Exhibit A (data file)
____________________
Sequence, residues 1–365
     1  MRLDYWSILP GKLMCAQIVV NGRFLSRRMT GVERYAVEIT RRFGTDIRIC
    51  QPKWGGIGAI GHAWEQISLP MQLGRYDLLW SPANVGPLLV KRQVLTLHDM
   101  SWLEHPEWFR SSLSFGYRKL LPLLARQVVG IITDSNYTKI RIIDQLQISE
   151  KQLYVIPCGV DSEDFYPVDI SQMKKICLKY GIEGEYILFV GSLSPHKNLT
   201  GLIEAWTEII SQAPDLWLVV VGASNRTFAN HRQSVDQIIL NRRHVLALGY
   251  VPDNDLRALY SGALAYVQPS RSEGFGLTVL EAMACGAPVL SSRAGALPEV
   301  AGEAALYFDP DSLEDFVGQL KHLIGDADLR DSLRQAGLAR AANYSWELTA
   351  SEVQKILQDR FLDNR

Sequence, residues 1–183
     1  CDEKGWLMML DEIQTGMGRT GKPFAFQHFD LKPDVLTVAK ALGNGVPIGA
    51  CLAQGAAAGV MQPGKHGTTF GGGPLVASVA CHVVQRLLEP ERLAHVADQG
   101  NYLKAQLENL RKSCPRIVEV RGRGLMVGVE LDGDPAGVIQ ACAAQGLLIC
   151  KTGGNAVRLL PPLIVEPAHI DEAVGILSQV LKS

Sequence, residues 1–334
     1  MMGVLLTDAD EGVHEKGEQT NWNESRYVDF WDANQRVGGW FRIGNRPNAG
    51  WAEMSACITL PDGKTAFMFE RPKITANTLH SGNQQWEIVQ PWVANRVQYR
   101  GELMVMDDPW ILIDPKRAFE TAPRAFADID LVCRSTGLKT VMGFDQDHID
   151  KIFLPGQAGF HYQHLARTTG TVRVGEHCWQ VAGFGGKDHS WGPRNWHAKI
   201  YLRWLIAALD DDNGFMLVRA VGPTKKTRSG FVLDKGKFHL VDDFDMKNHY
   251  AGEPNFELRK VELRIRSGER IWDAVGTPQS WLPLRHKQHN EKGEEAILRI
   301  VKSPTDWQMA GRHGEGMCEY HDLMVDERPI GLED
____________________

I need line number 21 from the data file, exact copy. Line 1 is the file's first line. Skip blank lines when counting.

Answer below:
   251  AGEPNFELRK VELRIRSGER IWDAVGTPQS WLPLRHKQHN EKGEEAILRI